MF 31 - From Rags to Riches to Opening the Heart with Entrepeneur Jason Garner

Jason Garner spent the first 37 years of his life, "running through life holding his breath". Raised by a single mom, moving from house to house, working really hard in school and later in business, he believed, "that to be loved I had to be the best. I scrapped my way from a weekend job at a flea market to owning my own concert company and all the way to becoming an executive at a Fortune 500 company (CEO of Global Music at Live Nation), producing over 20.000 concerts a year, and hanging out with rock and sports stars. Jason was twice named to Fortune magazine's list of the top 20 highest-paid executives under 40. He was married twice, divorced twice, raised two children largely as a single dad. He made a bunch of money and then … a series of events centered around the sudden death of his mom brought, "my life to a halt and my ego to its knees."

Jason took a break from the endless treadmill of his life and got to know himself by learning from various teachers. Through studying his health and spirituality and the inner-workings of his mind, and a meditation practice, he for the first time in his life … really breathed.

He is now integrating this insight into daily life and shares his treasure in his own unique way. Jason has a great blog, and has also published his first book through his writing, through him sharing himself.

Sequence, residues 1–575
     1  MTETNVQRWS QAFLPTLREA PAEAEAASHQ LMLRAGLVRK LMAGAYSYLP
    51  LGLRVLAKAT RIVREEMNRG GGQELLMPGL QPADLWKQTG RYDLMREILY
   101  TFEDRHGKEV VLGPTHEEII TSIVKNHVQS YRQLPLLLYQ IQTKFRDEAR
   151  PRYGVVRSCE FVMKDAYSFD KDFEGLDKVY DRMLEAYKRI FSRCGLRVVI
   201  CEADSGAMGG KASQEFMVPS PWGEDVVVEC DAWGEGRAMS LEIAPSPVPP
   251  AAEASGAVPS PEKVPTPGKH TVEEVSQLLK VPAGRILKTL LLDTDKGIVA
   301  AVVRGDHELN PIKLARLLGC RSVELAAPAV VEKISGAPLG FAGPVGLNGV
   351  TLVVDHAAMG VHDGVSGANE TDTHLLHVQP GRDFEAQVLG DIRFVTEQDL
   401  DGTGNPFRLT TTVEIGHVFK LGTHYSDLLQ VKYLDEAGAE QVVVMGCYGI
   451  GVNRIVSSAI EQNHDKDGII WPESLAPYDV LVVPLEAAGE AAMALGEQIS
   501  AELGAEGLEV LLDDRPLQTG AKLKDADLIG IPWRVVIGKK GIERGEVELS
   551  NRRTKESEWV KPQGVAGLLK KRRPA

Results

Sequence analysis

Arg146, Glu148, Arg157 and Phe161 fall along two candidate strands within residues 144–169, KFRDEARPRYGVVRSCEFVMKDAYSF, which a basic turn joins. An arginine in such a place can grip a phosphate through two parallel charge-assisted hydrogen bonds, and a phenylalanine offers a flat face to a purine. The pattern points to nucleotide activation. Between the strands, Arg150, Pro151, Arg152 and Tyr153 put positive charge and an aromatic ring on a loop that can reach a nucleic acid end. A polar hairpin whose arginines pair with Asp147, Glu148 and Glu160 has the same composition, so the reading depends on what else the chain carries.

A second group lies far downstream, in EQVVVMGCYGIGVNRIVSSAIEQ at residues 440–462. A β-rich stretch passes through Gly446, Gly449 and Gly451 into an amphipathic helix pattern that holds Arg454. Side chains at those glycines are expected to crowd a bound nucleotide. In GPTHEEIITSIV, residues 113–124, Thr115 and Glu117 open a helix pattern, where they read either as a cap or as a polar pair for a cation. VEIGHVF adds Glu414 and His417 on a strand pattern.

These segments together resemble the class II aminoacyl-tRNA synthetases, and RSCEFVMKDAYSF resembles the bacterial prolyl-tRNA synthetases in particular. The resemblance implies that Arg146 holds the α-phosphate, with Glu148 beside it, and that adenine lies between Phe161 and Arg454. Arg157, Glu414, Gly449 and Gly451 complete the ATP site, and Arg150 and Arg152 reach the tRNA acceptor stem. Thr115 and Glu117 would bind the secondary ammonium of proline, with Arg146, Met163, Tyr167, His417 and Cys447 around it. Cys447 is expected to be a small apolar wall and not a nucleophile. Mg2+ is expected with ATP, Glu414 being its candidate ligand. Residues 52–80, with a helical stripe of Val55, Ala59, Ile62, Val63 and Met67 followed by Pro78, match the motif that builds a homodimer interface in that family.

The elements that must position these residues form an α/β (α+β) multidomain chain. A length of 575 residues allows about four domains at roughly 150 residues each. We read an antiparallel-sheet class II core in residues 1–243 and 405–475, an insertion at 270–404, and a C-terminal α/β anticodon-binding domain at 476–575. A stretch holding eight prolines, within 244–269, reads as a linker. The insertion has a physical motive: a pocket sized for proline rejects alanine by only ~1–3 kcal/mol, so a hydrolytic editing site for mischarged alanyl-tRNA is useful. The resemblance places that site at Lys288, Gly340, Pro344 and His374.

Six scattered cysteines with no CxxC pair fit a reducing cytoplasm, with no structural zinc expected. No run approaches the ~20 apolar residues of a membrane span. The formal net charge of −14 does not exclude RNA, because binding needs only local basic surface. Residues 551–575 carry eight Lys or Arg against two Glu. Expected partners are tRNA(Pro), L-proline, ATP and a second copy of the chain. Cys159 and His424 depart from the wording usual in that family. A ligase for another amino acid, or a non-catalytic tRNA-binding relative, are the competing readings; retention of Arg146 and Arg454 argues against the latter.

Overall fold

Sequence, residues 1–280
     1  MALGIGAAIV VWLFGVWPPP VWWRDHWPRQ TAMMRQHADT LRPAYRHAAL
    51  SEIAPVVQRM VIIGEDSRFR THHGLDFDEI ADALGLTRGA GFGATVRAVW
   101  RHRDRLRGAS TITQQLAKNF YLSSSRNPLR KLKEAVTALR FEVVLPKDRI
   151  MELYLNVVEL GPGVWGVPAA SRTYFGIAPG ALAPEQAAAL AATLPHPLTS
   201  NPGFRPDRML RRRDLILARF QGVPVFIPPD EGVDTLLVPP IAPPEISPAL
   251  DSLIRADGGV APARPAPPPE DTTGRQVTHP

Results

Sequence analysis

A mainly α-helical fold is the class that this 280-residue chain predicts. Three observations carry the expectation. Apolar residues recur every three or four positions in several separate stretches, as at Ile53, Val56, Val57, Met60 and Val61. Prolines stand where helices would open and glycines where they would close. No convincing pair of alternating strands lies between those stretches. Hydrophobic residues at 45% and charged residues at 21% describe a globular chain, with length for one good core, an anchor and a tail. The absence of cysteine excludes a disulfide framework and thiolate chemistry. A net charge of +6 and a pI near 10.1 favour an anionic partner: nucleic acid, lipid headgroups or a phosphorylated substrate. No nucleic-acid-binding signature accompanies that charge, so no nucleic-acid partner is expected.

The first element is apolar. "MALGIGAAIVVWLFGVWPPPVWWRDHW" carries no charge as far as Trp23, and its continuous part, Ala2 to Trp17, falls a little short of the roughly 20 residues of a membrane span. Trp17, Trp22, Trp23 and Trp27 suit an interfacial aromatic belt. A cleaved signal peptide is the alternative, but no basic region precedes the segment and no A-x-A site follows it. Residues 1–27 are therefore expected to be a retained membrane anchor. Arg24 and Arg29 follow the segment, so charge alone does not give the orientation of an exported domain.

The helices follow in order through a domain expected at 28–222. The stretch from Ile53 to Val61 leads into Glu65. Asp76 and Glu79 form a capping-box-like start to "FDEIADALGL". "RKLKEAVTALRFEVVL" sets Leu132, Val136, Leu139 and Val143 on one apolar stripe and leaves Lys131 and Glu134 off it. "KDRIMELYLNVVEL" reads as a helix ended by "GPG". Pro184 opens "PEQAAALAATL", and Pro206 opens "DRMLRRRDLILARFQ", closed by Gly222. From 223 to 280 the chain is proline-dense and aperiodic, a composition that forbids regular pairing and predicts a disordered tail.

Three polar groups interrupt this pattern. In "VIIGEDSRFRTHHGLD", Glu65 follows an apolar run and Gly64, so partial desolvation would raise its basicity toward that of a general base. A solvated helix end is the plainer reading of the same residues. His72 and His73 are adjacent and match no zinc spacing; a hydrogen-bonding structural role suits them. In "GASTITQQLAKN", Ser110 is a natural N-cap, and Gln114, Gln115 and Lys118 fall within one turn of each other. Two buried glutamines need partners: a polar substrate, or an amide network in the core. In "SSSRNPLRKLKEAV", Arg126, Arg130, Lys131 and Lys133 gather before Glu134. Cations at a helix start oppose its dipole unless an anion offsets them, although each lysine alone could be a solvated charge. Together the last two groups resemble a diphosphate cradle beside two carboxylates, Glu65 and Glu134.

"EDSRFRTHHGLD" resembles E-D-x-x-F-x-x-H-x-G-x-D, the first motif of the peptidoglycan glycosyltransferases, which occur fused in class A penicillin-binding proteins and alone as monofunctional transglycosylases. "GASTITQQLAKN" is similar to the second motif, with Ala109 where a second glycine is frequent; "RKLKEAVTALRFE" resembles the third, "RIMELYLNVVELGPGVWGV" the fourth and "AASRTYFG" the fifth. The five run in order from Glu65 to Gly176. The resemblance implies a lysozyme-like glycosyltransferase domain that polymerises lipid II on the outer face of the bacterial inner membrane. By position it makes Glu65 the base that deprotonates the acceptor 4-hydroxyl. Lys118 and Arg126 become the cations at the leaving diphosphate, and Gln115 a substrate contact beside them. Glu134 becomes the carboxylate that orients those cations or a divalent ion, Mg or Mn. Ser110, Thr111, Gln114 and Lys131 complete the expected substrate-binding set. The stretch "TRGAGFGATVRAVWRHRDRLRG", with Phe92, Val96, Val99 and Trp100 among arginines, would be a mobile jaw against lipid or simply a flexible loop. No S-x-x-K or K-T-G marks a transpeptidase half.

Jason Garner's new book is called, … And I Breathed, My Journey from a Life of Matter to a Life That Matters. Please see the links to his work at the bottom of this page. You are also invited to leave a comment as well.

We discuss his book in this podcast interview..

Transcription:

What brought you to a practice of meditation. Joseph Campbell talks about the 3 stages of the Hero's journey, Separation, Initiation, Return. Tell us a little bit about that first leg of your journey, the rise to the top, from rags to riches.

Jason was born and raised by a single mom, lived in a trailer park. No money and no involvement from his father. There was a sense of loneliness, and poverty. What Jason took from that as a little boy, was that if they had more money everything would be OK. This was his narrative that he took with him. So making money would solve that. And that is what he did up to 35 years old.

Continue reading..


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